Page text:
What are we doing ?

The zenklusen lab studies how individual cells execute gene expression programs. We are interested in the mechanism that regulate the different steps along the gene expression pathway, in particular transcription and mRNA export. We therefore combine single molecule techniques and quantitative analysis methods with genetics, biochemistry and mathematical modeling.

Why study gene expression in single cells ?

Dissecting the regulation of gene expression processes is fundamental to understand how cells function and has been extensively studied for many years. However, most methods used to obtain our current view of gene expression rely on isolating mRNAs from large numbers cells, which is often associated with a loss or damage of the material, as well as the loss of spatial information. Moreover, individual cells within a population are unlikely to behave all in the same way and current standard techniques are unable to detect cell-to-cell differences that can result from genetic variation, biological noise and/or different characteristics of genes within a population. Due to these limitations, more direct tools are required that allow analyzing these processes in their natural environment, the individual cell. Therefore, we are doing our experiments not in a test tube, but in intact, individual cells, basically performing biochemistry of life.

Why single molecules ?

Many biological processes, and in particular gene expression regulation, can be reduced to a single molecule problem. In a haploid cell, only a single copy of each gene exists, and the cellular 'machinery' has to ensure that proper regulation is achieved for each of these individual entities (genes). For a gene A to be transcribed, a transcription factor has to find its promoter, bind to it and initiate downstream processes that lead to the production of an mRNA. To truly understand the regulation of a gene, or any biological process, we have to be able to monitor these individual events, see how and when they happen. This, in turn, requires that we visualize individual molecules within a single cells.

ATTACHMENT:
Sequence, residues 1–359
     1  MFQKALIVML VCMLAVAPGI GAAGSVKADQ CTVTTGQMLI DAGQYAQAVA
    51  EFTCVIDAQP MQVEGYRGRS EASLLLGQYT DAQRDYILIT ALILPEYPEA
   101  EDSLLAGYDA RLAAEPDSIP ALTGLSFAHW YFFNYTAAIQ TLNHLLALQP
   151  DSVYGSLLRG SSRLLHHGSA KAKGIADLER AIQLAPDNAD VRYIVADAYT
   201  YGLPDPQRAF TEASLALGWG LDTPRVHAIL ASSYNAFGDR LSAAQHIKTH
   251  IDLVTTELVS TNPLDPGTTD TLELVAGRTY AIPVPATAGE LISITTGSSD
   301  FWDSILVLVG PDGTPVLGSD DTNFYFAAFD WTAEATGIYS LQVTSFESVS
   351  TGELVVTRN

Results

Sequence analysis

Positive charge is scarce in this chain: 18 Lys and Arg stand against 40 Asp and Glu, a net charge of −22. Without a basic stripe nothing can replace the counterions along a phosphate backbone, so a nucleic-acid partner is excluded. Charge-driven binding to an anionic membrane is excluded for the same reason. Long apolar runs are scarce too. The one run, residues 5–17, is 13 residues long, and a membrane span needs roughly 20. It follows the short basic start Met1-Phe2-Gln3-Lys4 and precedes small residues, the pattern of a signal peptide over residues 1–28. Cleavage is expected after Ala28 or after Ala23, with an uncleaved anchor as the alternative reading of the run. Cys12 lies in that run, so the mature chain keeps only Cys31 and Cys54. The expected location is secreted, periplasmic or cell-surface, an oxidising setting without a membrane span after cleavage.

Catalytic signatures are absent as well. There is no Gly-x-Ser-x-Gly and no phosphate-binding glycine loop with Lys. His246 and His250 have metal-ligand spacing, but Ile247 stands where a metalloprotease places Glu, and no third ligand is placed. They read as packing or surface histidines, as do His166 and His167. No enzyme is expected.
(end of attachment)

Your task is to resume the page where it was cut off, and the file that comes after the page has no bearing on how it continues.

And how do we do this ?

Our main tool is, obviously, a microscope. We have developed microscopy methods that allow the detection of single mRNA molecules in cells, allowing direct monitoring of gene expression and therefore a quantitative description of the different steps of the gene expression pathway.
Two methods are frequently used in our lab, fluorescent in situ hybridization (FISH) and GFP-tagging of mRNAs. We use GFP-tagging to follow individual mRNAs from their site of synthesis and during different steps in the gene expression pathway, trying to understand how these processes are executed in real time. The FISH requires fixation and is therefore not used to study highly dynamic processes, however, it is very powerful to determine expression levels, transcriptional activity and localization of mRNAs in cells.

mRNA detection
mRNA detection in single cells. Two common methods for single cell gene expression analysis using imaging. (Top) Single-molecule-resolution fluorescence in situ hybridization (FISH) uses synthetic oligonucleotides labeled at multiple positions with fluorescent dyes to detect single mRNAs. Multiple fluorescent probes are hybridized to paraformaldehyde-fixed cells. FISH allows the detection of single mRNAs in the cytoplasm as well as nascent mRNAs at the site of transcription. On the right, yeast cells expressing MDN1 mRNA (Zenklusen et al. NSMB 2008). (Bottom) The GFP-tagging system uses the specific interaction between a phage MS2/PP7 RNA hairpin and a fusion of a fluorescent protein and the MS2/PP7 phage coat protein to create a fluorescent labeled mRNA. Inserting multiple binding sites into an mRNA allows the detection of single mRNAs in living cells. The MS2 system has been used to detect single mRNAs in different organisms, for example in yeast to study transcription kinetics (Larson, Zenklusen et al., Science 2011). Sites of transcription are marked by arrows.

Our projects

We study two key processes of gene expression pathway, transcription and mRNA export. As these two steps are strongly interconnected, we are also interested in the mechanisms that mediate this coupling. Our main goals are 1) To understand how coordination of transcription regulation is achieved in single cells. We therefore focus on the question of how cells can achieve coordinated expression despite the stochastic nature of many cellular reactions. 2) Determine how ncRNAs participate in transcription regulation in yeast. 3) To know how an mRNA finds its way out of the nucleus. Many factors involved in mRNA export are recruited co-transcriptionally to the nascent mRNA and genes are tethered to the nuclear periphery upon activation. We want to understand how this coupling affects the ability of an mRNA to be efficiently exported to the cytoplasm.